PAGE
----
It was lunchtime on our Glamorgan botany group walk and, rather than get a wet bum from sitting on the damp grass, I was eating my roll and cheese while poking around the flowers of a nearby gorse bush. I was looking for Gorse shieldbugs, of which I found not a sign, but I did find this tiny creature and, after a bit more poking, a couple of its friends.
It’s a Gorse weevil (Exapion ulicis) and, as you can judge from its size relative to my finger, it’s tiny, only 2 to 3mm long. Its snout is (relatively) enormous, about half as long as its body, making it look like a cross between an elephant (without the ears) and a spider (those legs!). And that snout is its secret weapon – the weevil uses its snout to burrow into the stem and spines of the gorse bush to eat the soft tissue inside.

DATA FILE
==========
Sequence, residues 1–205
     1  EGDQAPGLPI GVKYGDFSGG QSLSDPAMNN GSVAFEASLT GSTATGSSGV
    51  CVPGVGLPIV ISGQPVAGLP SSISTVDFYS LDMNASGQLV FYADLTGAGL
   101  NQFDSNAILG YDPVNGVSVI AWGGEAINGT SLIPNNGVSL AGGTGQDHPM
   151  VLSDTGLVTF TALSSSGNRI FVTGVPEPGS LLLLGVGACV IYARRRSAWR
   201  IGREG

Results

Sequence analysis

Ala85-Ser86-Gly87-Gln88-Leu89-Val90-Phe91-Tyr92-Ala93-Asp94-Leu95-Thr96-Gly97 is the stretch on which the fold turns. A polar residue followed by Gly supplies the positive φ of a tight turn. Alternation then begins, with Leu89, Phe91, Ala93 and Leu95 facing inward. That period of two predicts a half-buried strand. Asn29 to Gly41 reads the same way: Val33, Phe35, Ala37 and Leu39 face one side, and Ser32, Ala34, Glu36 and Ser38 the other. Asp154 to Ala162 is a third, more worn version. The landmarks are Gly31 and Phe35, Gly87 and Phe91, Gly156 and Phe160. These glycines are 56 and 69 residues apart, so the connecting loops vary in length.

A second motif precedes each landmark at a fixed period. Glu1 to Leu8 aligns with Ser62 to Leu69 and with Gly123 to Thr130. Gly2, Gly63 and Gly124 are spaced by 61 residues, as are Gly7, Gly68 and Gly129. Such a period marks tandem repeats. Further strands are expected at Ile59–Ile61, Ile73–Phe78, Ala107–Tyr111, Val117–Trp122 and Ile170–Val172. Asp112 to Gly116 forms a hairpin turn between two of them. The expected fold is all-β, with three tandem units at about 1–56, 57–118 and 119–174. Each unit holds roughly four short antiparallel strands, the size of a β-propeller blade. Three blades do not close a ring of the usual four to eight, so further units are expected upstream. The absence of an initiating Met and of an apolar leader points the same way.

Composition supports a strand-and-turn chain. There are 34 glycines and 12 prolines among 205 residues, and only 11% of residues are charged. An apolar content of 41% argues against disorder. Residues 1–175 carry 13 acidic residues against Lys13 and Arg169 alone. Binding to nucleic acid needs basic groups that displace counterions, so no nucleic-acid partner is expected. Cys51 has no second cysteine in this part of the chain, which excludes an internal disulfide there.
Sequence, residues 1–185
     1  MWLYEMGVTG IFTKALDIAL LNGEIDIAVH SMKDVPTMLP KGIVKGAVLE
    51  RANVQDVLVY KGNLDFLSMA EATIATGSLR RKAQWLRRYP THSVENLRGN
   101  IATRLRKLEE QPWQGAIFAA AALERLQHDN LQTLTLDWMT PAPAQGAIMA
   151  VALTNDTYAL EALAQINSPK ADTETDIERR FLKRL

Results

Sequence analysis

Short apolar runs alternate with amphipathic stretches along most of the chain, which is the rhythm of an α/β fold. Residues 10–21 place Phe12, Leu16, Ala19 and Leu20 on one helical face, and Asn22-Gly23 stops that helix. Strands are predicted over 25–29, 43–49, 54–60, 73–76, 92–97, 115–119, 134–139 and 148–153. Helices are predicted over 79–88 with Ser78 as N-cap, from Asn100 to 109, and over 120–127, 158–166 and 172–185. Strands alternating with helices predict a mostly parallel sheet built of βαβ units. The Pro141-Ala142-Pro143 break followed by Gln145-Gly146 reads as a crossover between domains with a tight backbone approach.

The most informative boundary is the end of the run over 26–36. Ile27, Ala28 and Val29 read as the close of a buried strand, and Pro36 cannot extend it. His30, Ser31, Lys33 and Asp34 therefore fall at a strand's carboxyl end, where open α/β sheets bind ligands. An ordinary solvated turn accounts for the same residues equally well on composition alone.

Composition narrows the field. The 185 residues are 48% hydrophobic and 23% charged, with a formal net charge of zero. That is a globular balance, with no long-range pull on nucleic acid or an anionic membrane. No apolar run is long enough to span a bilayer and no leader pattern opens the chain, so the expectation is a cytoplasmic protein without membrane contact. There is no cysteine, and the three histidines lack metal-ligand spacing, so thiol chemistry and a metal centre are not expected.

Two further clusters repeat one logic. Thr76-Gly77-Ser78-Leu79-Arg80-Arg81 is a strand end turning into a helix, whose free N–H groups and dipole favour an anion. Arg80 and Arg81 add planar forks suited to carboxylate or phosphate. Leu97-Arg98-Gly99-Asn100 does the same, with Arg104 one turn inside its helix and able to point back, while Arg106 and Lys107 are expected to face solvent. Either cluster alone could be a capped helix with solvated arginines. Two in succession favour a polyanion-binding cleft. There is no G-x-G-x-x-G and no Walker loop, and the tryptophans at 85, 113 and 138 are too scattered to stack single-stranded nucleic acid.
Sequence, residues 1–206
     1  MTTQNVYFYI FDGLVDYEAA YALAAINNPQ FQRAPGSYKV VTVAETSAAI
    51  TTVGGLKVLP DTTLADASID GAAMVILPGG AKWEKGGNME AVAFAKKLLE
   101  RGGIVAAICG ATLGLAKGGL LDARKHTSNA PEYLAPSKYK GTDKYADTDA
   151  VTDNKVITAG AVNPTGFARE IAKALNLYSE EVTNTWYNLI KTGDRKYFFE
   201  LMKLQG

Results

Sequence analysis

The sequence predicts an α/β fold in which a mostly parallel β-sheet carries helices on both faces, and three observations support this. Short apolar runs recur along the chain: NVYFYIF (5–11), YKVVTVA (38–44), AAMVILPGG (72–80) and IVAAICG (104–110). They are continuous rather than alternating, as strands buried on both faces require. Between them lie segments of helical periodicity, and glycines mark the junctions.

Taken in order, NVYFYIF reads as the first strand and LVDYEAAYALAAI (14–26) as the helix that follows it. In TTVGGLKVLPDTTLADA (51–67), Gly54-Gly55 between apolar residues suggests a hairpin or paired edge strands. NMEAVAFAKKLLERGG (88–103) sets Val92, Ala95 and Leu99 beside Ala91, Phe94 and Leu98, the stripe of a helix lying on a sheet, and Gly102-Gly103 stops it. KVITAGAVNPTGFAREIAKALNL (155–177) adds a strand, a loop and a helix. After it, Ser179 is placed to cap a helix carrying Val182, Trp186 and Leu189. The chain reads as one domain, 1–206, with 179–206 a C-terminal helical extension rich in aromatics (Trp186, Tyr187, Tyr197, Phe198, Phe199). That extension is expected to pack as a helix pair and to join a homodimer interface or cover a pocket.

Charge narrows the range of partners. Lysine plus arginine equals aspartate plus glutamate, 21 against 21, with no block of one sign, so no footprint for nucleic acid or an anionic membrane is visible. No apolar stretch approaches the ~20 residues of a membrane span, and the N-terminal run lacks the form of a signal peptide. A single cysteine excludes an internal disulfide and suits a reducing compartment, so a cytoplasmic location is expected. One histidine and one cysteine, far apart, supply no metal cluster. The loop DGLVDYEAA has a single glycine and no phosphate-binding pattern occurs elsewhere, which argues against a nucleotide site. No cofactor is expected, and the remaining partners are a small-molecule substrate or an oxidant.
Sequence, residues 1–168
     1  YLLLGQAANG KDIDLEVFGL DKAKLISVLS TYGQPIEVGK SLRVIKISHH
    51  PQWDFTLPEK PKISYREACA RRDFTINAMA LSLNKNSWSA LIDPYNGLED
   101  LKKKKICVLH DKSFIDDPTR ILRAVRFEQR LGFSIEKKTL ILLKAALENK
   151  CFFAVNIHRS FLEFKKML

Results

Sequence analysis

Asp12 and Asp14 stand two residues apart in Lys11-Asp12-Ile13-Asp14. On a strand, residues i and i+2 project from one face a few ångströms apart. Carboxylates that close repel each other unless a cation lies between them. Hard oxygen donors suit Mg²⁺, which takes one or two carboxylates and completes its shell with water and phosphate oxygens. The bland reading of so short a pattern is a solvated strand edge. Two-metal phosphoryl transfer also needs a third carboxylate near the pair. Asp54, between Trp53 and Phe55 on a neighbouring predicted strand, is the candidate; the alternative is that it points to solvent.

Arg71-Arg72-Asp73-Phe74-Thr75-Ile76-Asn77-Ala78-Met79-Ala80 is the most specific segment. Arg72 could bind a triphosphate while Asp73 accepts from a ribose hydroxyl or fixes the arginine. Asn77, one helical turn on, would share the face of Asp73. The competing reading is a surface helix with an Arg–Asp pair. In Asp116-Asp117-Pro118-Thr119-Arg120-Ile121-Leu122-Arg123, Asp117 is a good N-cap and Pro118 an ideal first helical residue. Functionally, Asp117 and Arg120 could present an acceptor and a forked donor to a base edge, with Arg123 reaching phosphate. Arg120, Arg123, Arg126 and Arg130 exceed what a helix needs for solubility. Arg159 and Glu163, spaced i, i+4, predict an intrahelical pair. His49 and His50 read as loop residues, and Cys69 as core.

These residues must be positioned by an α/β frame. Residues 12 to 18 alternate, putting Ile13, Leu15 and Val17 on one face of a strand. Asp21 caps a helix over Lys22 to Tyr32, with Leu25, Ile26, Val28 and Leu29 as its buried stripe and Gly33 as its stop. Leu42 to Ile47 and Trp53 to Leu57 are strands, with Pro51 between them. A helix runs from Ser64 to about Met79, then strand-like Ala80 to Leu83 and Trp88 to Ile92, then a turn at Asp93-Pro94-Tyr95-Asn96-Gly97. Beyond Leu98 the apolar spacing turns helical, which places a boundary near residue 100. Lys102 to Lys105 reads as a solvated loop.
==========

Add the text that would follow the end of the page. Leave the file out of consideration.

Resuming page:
Apparently this little weevil was introduced to my homeland, New Zealand, back in 1931 in an effort to control the introduced (by British migrants as cheap hedging) gorse bushes that were thriving in New Zealand’s favourable climate. The weevil’s larvae live inside and eat gorse seeds, thus preventing the bushes from reproducing. The little gorse weevil has done its job well but it seems the scientists hadn’t banked on the fact that the weevil larvae only eat gorse seeds in the springtime and the gorse also flowers and seeds in the autumn.